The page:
Bowflex (and similar machines) are junk and over priced. I have assembled several for people, appalled at the quality (I am an engineer). The movements appear to be designed by school kids. Great coat hangers and a fantastic marketing ploy. If you really want one, there are clones for much cheaper.

    Best to outfit a garage or basement with at least a power rack, bench press, safety stands for free weight work, a pulley machine for high and low pulley work, a good leg extension/leg curl, a flat and incline to straight up free bench, a set of dumbells (or dumbell bars with weights), a Olympic weight set (the equipment to be designed for Olympic bars). Can add leg presses, sit up boards, deadlifting platform, incline and decline benches. Cardio equipment is expensive, should be able to save money by swimming, running, biking, etc. For indoors, a used commercial quality ellipical trainer is good.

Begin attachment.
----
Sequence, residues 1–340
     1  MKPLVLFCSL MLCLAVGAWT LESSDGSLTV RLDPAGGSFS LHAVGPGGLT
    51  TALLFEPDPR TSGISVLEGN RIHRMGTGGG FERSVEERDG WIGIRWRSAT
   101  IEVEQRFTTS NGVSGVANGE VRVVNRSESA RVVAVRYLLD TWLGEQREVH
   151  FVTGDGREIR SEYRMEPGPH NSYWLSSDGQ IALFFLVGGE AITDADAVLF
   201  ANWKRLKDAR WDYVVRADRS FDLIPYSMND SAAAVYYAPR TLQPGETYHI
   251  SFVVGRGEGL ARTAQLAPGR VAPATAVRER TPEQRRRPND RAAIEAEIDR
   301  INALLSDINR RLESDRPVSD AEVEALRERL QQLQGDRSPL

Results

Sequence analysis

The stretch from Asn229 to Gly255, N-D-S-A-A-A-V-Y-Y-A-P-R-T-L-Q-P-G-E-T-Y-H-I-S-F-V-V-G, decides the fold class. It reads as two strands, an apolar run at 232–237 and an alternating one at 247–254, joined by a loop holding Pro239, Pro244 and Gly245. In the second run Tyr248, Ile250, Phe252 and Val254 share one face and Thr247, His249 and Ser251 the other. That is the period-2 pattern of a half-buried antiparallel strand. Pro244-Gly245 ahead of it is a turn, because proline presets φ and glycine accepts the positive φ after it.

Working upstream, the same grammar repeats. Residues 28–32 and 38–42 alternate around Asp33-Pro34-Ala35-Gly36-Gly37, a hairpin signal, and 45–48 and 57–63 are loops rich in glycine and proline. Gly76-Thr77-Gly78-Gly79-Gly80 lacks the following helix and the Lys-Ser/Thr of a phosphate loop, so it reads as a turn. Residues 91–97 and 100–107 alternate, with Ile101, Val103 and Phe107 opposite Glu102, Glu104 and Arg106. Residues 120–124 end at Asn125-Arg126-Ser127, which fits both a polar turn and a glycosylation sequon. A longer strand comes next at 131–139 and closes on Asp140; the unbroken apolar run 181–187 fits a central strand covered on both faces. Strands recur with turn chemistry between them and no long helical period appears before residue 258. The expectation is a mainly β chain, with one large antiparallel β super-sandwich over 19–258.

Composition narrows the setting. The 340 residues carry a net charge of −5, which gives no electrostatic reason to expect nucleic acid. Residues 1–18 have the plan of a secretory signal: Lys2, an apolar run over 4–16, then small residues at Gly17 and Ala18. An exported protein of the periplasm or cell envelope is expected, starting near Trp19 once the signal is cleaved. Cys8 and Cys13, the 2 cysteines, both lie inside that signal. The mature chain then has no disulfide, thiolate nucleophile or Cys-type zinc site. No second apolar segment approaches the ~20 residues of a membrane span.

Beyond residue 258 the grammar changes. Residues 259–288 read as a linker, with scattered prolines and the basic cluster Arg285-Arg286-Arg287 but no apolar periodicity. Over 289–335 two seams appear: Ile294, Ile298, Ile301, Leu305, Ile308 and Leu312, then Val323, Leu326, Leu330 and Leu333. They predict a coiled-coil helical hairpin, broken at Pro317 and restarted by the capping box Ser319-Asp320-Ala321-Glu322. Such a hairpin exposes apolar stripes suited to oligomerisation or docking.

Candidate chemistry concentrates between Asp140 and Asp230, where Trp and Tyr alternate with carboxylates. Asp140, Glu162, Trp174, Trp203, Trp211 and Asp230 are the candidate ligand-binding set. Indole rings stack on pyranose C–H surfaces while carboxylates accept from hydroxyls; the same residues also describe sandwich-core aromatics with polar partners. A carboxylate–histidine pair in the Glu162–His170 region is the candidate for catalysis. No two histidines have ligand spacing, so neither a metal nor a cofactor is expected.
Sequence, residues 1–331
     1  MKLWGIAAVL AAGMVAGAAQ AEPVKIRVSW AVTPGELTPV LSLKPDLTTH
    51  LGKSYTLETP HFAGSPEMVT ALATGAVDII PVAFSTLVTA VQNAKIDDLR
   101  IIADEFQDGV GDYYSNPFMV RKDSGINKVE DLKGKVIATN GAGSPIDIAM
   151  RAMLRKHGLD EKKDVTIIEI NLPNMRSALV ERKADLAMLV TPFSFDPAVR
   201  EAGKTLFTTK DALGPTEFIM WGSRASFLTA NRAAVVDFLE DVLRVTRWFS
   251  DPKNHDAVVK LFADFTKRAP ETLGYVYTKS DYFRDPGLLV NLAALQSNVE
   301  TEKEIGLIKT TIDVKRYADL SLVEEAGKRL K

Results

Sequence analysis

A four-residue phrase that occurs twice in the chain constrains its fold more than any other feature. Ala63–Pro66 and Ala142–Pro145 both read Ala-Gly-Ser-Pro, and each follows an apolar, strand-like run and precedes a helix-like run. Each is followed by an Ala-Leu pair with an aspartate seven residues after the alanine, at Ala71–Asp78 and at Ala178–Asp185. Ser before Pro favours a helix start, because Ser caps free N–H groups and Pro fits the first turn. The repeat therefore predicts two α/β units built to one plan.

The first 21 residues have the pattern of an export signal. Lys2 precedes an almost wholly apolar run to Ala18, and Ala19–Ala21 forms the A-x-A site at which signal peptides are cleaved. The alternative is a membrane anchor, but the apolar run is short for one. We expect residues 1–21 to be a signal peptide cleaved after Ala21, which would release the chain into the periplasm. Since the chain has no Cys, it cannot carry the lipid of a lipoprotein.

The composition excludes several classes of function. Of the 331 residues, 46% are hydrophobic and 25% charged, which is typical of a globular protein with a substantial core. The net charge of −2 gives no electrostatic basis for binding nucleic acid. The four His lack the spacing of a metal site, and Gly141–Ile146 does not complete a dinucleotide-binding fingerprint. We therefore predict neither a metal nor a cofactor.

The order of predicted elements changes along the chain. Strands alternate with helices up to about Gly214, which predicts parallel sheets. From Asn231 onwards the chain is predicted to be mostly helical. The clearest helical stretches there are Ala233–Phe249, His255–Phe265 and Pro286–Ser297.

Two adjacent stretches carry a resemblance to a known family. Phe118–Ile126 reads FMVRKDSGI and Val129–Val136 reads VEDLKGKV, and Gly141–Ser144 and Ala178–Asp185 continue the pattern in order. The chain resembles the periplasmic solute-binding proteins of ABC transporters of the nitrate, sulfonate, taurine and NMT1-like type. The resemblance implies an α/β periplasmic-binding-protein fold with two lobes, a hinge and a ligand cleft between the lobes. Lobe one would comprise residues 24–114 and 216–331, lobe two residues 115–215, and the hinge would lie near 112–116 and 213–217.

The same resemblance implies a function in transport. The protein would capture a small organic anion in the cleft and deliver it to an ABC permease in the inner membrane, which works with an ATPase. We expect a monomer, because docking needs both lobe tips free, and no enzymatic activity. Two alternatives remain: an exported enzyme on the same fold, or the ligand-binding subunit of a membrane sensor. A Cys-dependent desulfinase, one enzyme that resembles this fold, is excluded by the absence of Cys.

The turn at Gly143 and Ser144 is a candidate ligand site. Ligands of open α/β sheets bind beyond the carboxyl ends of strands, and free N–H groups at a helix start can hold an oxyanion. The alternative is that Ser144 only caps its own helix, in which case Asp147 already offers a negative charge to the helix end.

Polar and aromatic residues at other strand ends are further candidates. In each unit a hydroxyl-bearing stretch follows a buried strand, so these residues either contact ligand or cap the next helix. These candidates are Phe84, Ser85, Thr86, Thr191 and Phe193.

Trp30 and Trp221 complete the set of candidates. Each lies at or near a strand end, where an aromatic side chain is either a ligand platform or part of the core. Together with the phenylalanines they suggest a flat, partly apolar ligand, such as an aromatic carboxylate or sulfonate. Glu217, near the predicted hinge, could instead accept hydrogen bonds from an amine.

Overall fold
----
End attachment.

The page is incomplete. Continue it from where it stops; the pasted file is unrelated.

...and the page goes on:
Best to buy from hardcore equipment outfits. This includes Polak Made (polakmade.com), Louie Simmons (Westside Barbell), Forza, Hammer Strength (expensive), there are a number of others. Stay away from Sears, Walmart, K-mart, Dicks, etc.

    Little John
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    Jun 12, 2007 11:38 PM GMT
    we purchased the Fitness Gear Ultimate. and the only reason we did so, was that the gym we both went to for years, one day closed it doors (with no warning to clients or employees, there's some legal action agaist the owner)anyway, it was right across the street from us, and we were SO used to the convience. the only other gym close to us is about 20 minutes away ( i know not far but). so we purchased this equipment out of lost convience. it is only okay. I haven't felt like I have gotten a GREAT workout yet. plus its bulky, and needs to be re waxed often. also it is completly based on pulleys. and only two racks for weights, and trying to do super sets or giant sets, well lets say you get your cardio running around chaging your weight LOL. so don't get that one unless it just for maintnce training or light days. i rate ours as like a 6. the gym is the place to get quality workouts from equipment.